fire and has never been re-established.
There is reason to suppose that the
destruction of the station was the
work of an incendiary. A strong
north wind was blowing at the time,
which caused the flames to increase
with such rapidity and violence as to
render futile all efforts on the part of
the keeper and others to arrest them.

The building and contents were soon
consumed, nor is there any probability
that they will be replaced, the loca-
tion being of little importance as a
position for a life-saving station.

The first station to be opened was
that of Shoalwater Bay, November
26th, 1877 ; then followed the stations
at Cape Disappointment and Neah
Bay, February 15th and September
5th, 1878, respectively ; while that at
Golden Gate Park was opened 011 the




13th of August following. Since the
publication of that report, three more
stations have been established in
Oregon, namely at Coos Bay and at
the mouths of the Umpqua and Co-
quille Rivers, so that the Twelfth
District now contains the names of
thirteen stations on its list, though
for all practical purposes one of them
is abandoned.

A few brief statistics will give the
reader an idea of the amount of sea-
eoast disaster on the Pacific shores of

the United States. During the ten
years ending June 30th, 1890, on the
coasts of California, Oregon and
Washington, 3 1 7 vessels were stranded,
the respective numbers being Cali-
fornia, 204; Washington, 61 ; Oregon,
36 ; and 16 at the mouth of the Col-

With regard to comparative local
danger to shipping, Humboldt Bay
follows the mouth of the Columbia
with thirteen, and Shoalwater Bay
with eleven casualties.

ALL Caufornian readers are
familiar with the magnificent
telescope and observatory situ-
ated on Mount Hamilton, and known
universally as the " Lick," in memory
of its generous founder, James Lick,
long since deceased. But, although a
comparatively free-for-all institution,
it cannot, unfortunately, be the privi-
lege of all to examine the fine observa-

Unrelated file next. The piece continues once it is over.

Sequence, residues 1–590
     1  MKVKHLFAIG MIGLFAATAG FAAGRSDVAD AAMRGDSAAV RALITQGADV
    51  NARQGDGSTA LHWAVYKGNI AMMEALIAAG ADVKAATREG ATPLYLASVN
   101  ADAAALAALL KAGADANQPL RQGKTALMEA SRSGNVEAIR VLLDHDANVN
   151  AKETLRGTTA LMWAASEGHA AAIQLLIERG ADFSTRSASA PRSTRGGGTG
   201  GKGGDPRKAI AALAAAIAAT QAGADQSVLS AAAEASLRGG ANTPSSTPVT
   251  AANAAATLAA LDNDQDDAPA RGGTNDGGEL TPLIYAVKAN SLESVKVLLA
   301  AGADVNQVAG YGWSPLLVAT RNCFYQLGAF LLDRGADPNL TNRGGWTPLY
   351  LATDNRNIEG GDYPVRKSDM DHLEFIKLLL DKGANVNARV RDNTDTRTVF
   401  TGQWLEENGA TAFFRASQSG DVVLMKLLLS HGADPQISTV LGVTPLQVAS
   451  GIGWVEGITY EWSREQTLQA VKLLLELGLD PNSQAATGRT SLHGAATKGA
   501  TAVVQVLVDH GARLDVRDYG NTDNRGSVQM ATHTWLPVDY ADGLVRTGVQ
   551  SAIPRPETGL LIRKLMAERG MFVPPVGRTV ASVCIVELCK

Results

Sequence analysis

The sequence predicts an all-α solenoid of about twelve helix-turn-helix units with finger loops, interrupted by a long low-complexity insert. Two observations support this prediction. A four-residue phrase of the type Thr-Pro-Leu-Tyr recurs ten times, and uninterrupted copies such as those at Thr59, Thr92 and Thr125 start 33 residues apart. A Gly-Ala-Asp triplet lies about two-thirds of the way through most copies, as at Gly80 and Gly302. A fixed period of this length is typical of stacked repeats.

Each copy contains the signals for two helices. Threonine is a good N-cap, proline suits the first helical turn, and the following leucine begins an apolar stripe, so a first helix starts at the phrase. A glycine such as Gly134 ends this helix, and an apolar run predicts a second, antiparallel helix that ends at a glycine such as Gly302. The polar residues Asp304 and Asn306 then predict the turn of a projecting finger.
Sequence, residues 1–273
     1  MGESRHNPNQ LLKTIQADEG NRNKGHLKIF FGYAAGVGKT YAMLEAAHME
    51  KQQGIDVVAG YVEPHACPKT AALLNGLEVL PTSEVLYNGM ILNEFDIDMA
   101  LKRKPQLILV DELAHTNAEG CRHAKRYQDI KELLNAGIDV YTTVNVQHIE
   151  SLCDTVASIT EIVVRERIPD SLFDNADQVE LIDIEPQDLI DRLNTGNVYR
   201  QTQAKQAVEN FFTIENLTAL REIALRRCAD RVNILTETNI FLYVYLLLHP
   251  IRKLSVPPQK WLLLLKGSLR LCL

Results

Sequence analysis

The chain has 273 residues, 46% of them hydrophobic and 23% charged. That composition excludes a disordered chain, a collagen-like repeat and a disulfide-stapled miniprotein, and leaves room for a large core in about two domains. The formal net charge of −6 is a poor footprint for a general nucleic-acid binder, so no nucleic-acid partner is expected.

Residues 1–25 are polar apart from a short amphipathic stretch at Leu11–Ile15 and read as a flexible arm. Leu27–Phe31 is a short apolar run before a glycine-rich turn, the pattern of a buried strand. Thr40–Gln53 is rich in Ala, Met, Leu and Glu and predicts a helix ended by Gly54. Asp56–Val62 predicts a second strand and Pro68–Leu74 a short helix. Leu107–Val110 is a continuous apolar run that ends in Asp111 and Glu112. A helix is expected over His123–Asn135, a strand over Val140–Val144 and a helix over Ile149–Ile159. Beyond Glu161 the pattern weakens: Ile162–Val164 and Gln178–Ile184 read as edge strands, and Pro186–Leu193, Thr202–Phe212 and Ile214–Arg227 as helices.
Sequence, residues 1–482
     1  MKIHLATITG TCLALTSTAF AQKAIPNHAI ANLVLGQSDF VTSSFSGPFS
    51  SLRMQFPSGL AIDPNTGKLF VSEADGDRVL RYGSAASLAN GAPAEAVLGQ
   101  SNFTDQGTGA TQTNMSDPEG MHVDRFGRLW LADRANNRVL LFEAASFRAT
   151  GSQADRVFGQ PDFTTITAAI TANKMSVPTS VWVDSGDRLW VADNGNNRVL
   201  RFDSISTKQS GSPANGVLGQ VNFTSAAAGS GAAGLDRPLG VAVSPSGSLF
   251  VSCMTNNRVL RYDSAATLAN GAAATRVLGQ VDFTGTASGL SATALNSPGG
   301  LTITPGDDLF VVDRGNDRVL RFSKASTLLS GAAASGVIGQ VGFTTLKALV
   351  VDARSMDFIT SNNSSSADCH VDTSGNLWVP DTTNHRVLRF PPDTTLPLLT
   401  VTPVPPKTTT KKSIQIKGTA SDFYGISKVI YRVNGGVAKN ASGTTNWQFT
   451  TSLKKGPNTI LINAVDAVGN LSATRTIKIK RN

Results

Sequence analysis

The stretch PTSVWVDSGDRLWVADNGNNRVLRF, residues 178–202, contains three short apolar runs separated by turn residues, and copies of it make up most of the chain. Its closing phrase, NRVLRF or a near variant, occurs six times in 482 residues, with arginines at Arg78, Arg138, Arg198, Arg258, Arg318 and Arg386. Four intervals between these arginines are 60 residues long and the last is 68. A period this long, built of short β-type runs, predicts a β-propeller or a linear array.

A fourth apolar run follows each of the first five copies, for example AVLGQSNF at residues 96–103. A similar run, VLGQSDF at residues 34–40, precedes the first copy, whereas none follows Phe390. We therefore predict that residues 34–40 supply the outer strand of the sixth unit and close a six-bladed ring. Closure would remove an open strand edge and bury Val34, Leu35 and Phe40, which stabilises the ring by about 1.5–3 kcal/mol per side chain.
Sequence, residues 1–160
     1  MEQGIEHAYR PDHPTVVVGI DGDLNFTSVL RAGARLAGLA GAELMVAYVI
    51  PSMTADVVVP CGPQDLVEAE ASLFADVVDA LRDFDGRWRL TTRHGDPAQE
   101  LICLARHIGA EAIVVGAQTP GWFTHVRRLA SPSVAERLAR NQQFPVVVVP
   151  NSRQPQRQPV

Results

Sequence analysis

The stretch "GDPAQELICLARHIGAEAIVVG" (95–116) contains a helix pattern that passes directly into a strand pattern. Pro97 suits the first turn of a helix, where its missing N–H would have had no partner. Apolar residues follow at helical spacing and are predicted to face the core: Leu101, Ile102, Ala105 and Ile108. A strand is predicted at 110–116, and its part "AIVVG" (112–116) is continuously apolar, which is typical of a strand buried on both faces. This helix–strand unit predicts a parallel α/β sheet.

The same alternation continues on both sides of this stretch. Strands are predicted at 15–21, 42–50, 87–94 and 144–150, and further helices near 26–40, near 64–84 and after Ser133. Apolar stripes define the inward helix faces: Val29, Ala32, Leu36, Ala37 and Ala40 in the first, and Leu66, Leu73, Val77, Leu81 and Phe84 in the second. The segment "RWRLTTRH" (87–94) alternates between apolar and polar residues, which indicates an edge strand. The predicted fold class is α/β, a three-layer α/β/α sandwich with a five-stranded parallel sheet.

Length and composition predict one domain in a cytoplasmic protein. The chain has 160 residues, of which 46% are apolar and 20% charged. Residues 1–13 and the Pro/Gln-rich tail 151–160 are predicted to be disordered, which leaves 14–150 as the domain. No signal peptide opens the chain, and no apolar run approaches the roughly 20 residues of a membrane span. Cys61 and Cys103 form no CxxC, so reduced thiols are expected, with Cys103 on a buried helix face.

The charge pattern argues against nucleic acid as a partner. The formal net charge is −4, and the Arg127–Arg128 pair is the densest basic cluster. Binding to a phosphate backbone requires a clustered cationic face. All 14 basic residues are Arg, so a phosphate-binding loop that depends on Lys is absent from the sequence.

tory, and look through the grand
instrument, resting grim and silently
over all that is mortal of its generous
donator. Fitting, indeed, is so noble
and unique a monument, enjoying, as it
does a far closer communion with the
Heavens above than can any other edi-
fice ever erected over the tomb of man.

Although isolated to a considerable
extent from all ordinary routes of
travel — being twenty-six miles from
the nearest railroad — it is surprising
how great a number of visitors to
California avail themselves of the
weekly privilege of a gratuitous peep
through the wonderful lens of this
space-annihilating instrument; 150 be-
ing the average number of pilgrims who
hebdomadally wend their way to the
illustrious shrine of the immortal Lick.

San Jose is the nearest city to the
observatory, the latter being reached
from that place only by private con-
veyance, or by taking seat in a daily
stage plying between the mount and
San Jose ; unless, indeed, as in our
own case, you happen to be the owner
and rider of that surprisingly con-
venient article of travel — the modern

cycle. The way our trip was made
was as follows :

Leaving Alameda on a beautiful
July morning, we trundled leisurely to
San Jose, forty-eight miles distant.
The country road along which we pro-
pelled our noiseless vehicles is level
almost the whole distance to San Jose,

Online LibraryCharles Frederick HolderThe Californian (Volume 4) → online text (page 10 of 120)